The sudden decline of the monarch butterfly populations in Mexico is one example of the impact avocado trees can have on the environment.
Deforestation and Avocados
As with any cash crop, farmers and investors are always looking for ways to increase their yield.
Since avocado trees need space to grow and branch out, a limited number can be successfully planted in an area.
To keep meeting the constantly growing consumer demand, avocado producers in Mexico and South America are turning to forested areas. Avocado farmers are planting young trees in the forests.
To ensure their avocado plants receive plenty of sunlight, they are gradually removing the understory shrubs and older trees.
The process is known as deforestation, and it is having a devastating effect on the planet.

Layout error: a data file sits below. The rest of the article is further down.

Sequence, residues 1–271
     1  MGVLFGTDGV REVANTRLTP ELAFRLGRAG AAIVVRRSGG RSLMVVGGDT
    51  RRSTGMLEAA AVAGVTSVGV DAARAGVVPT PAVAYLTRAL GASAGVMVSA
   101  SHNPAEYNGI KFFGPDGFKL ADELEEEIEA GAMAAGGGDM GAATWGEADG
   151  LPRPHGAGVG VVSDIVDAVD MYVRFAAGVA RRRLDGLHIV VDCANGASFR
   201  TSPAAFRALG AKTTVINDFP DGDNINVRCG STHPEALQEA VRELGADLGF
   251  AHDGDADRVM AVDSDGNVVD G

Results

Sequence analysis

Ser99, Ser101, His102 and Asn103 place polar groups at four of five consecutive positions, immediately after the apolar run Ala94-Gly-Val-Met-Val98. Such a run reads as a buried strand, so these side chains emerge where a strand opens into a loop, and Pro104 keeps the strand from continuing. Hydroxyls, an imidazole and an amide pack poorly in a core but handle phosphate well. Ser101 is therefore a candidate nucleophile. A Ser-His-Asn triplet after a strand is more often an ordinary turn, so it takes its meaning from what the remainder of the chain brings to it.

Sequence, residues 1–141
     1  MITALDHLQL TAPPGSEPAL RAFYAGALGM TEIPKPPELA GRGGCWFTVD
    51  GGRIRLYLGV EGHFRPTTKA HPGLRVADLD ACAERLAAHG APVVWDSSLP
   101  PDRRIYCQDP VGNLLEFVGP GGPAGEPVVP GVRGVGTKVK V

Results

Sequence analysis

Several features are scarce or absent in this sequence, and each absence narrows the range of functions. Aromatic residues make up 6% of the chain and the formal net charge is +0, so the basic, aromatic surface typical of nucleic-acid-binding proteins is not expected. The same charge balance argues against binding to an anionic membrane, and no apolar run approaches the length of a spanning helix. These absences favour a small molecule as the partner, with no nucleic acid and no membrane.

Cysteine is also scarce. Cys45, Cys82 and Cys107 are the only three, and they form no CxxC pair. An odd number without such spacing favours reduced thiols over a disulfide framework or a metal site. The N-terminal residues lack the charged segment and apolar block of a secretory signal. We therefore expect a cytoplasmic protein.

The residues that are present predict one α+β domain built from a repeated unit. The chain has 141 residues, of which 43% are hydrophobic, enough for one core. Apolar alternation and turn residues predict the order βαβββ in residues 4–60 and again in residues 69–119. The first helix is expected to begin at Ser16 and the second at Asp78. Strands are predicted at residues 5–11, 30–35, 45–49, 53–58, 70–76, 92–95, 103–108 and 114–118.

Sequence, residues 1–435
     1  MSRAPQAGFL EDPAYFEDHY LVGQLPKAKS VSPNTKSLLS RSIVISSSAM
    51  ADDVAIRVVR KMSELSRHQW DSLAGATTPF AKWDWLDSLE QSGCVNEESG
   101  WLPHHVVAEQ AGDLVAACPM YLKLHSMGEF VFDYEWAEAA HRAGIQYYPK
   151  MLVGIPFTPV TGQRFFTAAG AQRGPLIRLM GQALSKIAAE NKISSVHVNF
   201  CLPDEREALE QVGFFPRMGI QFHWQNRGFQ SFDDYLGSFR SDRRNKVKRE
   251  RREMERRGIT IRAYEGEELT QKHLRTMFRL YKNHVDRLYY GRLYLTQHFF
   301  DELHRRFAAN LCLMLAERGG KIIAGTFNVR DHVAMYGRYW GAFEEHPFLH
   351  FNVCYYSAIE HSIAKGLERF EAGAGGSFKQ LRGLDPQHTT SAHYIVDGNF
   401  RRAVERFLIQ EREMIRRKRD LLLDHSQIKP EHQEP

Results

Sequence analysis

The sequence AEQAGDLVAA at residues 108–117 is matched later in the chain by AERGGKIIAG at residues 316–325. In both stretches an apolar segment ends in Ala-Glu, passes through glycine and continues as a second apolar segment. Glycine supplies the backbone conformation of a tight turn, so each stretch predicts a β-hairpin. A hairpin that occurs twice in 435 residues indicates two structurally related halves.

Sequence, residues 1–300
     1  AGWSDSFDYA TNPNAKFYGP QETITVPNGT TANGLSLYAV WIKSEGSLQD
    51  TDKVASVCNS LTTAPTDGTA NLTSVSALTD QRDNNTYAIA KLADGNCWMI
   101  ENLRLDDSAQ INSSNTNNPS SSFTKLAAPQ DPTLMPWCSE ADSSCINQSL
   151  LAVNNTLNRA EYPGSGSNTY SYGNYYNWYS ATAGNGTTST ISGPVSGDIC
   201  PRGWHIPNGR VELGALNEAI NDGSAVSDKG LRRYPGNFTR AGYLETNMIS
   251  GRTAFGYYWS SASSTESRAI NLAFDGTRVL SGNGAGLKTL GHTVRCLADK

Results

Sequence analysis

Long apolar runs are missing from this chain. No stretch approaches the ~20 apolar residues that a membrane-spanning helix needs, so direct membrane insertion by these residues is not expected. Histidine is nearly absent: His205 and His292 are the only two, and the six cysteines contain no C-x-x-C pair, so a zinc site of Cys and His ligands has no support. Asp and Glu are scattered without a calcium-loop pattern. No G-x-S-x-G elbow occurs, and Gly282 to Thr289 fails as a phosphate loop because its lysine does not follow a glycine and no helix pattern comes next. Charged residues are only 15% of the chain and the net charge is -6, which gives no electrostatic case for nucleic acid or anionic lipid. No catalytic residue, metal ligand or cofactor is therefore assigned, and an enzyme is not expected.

It is a major contributor to climate change and global warming.
The Food and Agricultural Organization of the United Nations lists agricultural practices as the leading cause of deforestation. Farming, including the growing of avocado trees, is responsible for up to 80 percent of lost forests.
Avocados and Water Usage
Avocado trees are thirsty plants. They are among the top three crops responsible for causing water stress in areas with high production.
Compared to grapevines with a water footprint of around 608 m3/ton, avocado trees are significantly higher at 1981 m3/ton.
In states like California where droughts are common, the trees’ high water consumption rates are decreasing local supplies used by residents and farmers of other crops.
The stress avocado growers are placing on the state’s water supply is not sustainable in the long run, especially as annual rainfall totals continue to fall across California’s growing region.
California avocado growers are taking some positive steps to lessen their impact on the state’s water tables.
Pressure-regulating risers and valves are helping to minimize water waste, along with mini sprinklers.
These tools are also minimizing electrical usage, something else that is beneficial to the environment.
Even with these positive advancements, the trees still require more water than they get from rainfall.
The Social Impact of Growing Avocados